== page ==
How did you get started working for the U.S. Fish and Wildlife Service?
The path I took during the early years of my life was like a rudderless boat adrift and blown aimlessly by the direction of the wind, with no goal in sight. I had thought about and dream of many possible opportunities I could pursue and settle with. I’ve held jobs here and there, but none has proven worthwhile to become my career. One day in the early 1980s, I came across a U.S. Fish and Wildlife Service advertisement, a local hire, Refuge Information Technician advertisement. Back in the early days of my life, I had told myself that I will never work for the U.S. Fish and Wildlife Service, remembering and knowing the harm and pain that was inflicted upon the Alaska Native people caused by short sighted past harvest regulations. This local hire advertisement caught my attention when I read through the qualifications: knowledge or expertise in cultural or natural resources in public lands, knowledge of traditional gathering and use of fish and wildlife resources by residents living in public lands, knowledge of Yup’ik culture, traditions and lifestyle, knowledge and understanding of the Yukon-Kuskokwim Delta, and all watershed areas within the Yukon Delta national Wildlife Refuge. Now all of these brought to light that I am qualified for this position. So, I applied for the position and eventually, I was accepted and hired. So I worked for the U.S. Fish and Wildlife Service for about a year and I moved on, but I came back in 2014 and I have been with a service since then and I plan to retire when my time is up.
Can you give an example of types of management efforts you’ve been a part of?
You know, back in the late 1970s, the biologists were beginning to notice that the populations of the four arctic nesting geese, white-fronted geese, cracklers, black brant, and emperor goose, were beginning to decline. That became a concern, a conservation concern. Back in those days, there weren’t any local people working directly with the people in the villages who primarily depend on these migratory birds. Then came along one person, a native person was hired, employed by the U.S. Fish and Wildlife Service to work with the people in the villages. That was one of the first things that he had to do to get the people or the villages involved in deciding how these might migratory birds can be protected. That did not come easy. There was a lot of criticism around that. Then, in 1984, we came along when the fourth species of the migratory bird populations was dangerously low. That’s when we were hired as the Refuge Information Technicians, to travel out to the villages and talk to the people in the villages about what is happening with the resources that we depend on so much. It was an accomplishment to see that the migratory birds population can begin to bounce back to a level where we can start hunting again. That is an accomplishment that was made because of our efforts to bring the people into the management and decision-making process of regulating our resources. Now we have our own native people making decisions and advising how these managements should be done. I have seen some of our resources depleted, some of the species are nearly gone. Like the spectacled eider out along the coast that used to nest in great numbers out where I come from near Nelson Island. We can only see a few of them now. Some of the species that we keep dependent on, especially our ancestors depended on for living, we just don’t see those species, like the Steller’s eiders. It’s not easy to be telling people that they shouldn’t hunt or fish for certain species that they’ve dependent on for generations, and telling them to harvest other resources. It’s not easy, but it’s something that we have to do if we are so concerned about the conservation of our resources for the next generation.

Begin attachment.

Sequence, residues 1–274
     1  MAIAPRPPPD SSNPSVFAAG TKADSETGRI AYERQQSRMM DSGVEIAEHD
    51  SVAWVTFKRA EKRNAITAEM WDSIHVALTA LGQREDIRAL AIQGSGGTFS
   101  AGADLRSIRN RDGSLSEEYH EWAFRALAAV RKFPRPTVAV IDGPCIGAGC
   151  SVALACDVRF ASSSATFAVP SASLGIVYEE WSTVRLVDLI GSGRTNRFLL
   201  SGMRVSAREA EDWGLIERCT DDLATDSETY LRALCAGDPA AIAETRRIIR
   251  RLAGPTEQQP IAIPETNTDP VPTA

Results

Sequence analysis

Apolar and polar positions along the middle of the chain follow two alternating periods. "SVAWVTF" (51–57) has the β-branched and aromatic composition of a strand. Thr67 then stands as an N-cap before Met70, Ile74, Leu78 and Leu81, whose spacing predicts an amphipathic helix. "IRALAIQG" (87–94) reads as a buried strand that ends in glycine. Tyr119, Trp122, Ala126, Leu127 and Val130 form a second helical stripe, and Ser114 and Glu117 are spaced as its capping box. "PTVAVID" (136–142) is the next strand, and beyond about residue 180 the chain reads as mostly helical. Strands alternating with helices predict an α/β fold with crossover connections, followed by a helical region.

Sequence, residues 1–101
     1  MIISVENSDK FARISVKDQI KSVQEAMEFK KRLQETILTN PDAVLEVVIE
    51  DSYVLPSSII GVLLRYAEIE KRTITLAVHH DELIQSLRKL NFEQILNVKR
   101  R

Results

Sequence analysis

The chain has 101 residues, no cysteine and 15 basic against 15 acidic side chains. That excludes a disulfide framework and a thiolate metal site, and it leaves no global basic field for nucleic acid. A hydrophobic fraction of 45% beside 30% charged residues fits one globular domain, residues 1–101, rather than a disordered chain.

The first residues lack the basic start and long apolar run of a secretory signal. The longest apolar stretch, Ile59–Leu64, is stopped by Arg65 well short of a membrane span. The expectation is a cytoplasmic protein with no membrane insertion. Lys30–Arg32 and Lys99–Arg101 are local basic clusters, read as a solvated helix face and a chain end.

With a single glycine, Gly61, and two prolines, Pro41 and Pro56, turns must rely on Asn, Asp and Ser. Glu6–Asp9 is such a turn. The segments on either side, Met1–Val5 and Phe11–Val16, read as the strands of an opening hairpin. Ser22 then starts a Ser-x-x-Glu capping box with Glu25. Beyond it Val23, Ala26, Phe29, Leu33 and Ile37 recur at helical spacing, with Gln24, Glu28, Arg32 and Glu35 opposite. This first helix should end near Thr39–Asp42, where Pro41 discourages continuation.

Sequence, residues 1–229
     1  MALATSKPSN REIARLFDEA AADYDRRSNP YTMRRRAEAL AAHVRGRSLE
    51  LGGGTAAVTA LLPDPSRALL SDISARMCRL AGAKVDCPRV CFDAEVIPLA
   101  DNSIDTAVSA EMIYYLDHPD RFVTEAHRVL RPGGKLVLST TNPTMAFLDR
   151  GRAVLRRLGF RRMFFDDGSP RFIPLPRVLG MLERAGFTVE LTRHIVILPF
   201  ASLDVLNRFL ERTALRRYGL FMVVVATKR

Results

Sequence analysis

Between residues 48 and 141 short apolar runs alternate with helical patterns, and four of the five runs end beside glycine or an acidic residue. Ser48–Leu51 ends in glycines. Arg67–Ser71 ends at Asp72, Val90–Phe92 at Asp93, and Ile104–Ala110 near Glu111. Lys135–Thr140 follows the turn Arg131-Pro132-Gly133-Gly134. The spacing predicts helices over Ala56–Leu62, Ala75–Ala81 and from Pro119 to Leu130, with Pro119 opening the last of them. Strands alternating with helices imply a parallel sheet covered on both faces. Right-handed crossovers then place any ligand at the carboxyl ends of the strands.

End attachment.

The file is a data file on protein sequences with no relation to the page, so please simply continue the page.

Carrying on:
“That is the key. The Next Generation must have the same opportunity that we have today. So they can fish or hunt those certain species of resources like we did. What I enjoy the most in what I do is talking and meeting with the people. Talking with laughter and interacting with the people at the villages is not only enjoying, but it is also rewarding in many ways in gaining friendship and trust.”
Compiled by Kristopher Pacheco, Digital Media Assistant for the U.S. Fish and Wildlife Service’s External Affairs in Alaska. Adapted Alaska USFWS Refuge RIT History and from episode 15 of My Life, Wildlife Podcast!
In Alaska we are shared stewards of world renowned natural resources and our nation’s last true wild places. Our hope is that each generation has the opportunity to live with, live from, discover and enjoy the wildness of this awe-inspiring land and the people who love and depend on it.